As I exit my car, I notice the outside of the bar is not attracting much attention. The letters “HAUS” stand above the front entrance, and subtle streaks of neon blue and purple flash through the front windows. When I walk up to the front door, I can finally see that the bar is much bigger than it appears from the outside, stretching deep into the building. There’s comfortable but worn leather furniture to the right of the front door. Behind the furniture, there’s a raised platform with a couple more leather couches and a projector screen. To the left, a couple bartenders work to serve the handful of patrons already crowding the long bar at 10:15 PM.
The attractive man taking cover charges is brusque, motioning for me to quickly pull down my mask and hand over the $10 cover. He places a neon yellow wristband on me, hands over my change, and already begins looking to the few people in line behind me. I walk over to the worn black couches in the waiting area to wait for my friends to join me for tonight’s drag show, “Purple Reign,” a tribute to Prince.
Before attending this show, I had done a bit of research about Das Haus. Meaning “the house” in German, Das Haus opened in June of 2018 and is owned by Adam Norris and Michael Bland. According to their website, Das Haus is “designed to bring a fresh vibe to the downtown scene,” and their “main stage has over 132 moving lights and Lincoln’s first 25,000 watts, five-way sound system, only found in major European dance clubs.” I’ve never been to a European dance club, let alone a major European dance club, but at least now I’ll know some of what I can expect. In addition, Das Haus doesn’t just host drag shows; there are karaoke nights, foam nights (I’m not quite sure what that entails), game nights, and even drag wars.
My friends arrive a few minutes later, and as we walk down past the bar into the main stage area, we find a table situated directly at the end of the stage’s runway. Though I don’t pride myself on having the most accurate gaydar, I can tell that the audience holds a mixture of queer people and not-so-queer people.
Aptly labeled as a “lounge and cabaret” on its website, Das Haus feels like a sexy, gothic mansion. Chandeliers and disco balls hang from the ceiling, black walls and dark lighting before the show shroud the patrons, and bass-heavy sensual music comes through the overhead speakers. There’s another projector screen next to the stage showing music videos for the songs playing, and an emcee occasionally updates the bar-goers about the ETA the night’s drag performers.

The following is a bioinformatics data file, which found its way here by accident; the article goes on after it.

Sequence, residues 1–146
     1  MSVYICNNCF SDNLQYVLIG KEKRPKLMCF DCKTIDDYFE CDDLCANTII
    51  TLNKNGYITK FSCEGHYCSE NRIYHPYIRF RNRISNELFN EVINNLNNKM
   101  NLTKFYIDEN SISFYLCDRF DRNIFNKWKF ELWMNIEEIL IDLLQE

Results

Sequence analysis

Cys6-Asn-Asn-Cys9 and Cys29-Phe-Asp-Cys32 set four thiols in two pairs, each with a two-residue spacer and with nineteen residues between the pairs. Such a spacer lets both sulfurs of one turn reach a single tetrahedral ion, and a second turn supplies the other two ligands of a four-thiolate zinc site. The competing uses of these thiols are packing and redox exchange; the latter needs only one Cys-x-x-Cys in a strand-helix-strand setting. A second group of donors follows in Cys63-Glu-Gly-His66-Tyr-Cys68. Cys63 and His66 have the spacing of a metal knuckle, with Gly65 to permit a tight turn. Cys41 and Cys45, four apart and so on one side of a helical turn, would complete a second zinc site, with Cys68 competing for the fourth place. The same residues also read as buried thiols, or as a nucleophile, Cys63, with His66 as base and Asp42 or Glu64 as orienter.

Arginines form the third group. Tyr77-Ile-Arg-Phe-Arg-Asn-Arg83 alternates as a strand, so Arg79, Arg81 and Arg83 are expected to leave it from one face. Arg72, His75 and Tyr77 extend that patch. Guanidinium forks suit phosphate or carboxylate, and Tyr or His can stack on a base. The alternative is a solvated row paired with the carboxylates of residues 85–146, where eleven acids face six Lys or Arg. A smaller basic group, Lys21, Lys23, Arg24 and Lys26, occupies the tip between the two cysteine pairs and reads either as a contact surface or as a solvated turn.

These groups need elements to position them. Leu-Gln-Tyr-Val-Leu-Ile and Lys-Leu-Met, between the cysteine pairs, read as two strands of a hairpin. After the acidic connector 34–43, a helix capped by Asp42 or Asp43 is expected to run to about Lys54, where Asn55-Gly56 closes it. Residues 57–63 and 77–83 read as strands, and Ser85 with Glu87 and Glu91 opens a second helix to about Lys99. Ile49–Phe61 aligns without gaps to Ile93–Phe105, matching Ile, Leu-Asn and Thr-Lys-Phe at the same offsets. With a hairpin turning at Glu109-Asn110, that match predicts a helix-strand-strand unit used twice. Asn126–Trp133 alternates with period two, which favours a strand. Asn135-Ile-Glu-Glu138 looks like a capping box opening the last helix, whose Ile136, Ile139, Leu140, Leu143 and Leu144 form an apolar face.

Once the show starts, I understand how this bar has risen to popularity among the LGBTQ+ community in Lincoln and even around Omaha. The drag performers embrace the Prince theme with Prince songs (of course), purple capes and robes, glittery makeup, and impeccable confidence and poise.
I know a drag queen who performed regularly at Das Haus when it first opened. He says, “The crowds there (when I was there) were sometimes small, but over time have grown to be the best location for drag in the state whilst winning many awards for it every year.” In fact, in 2019, Das Haus won Best Production at the All-American Gent national pageant.
My friend also notes that what “Das Haus is and has created for so many people is incomparable to the state of Nebraska. It’s a place where anybody and everybody is welcomed. I can’t say it was for me initially. But it’s grown and become such an amazing venue for everybody.”
At the end of the drag show, the performers bow and greet some of the audience members, while current pop music begins to play. As a bisexual trans man, I can agree that Das Haus is welcoming for all members of the LGBTQ+ community. All the work that the owners, workers, and performers put in day-in and day-out, week-in and week-out has definitely paid off. Their shows are charismatic, sexy, and welcome to all. If you get a chance, make sure to visit Das Haus!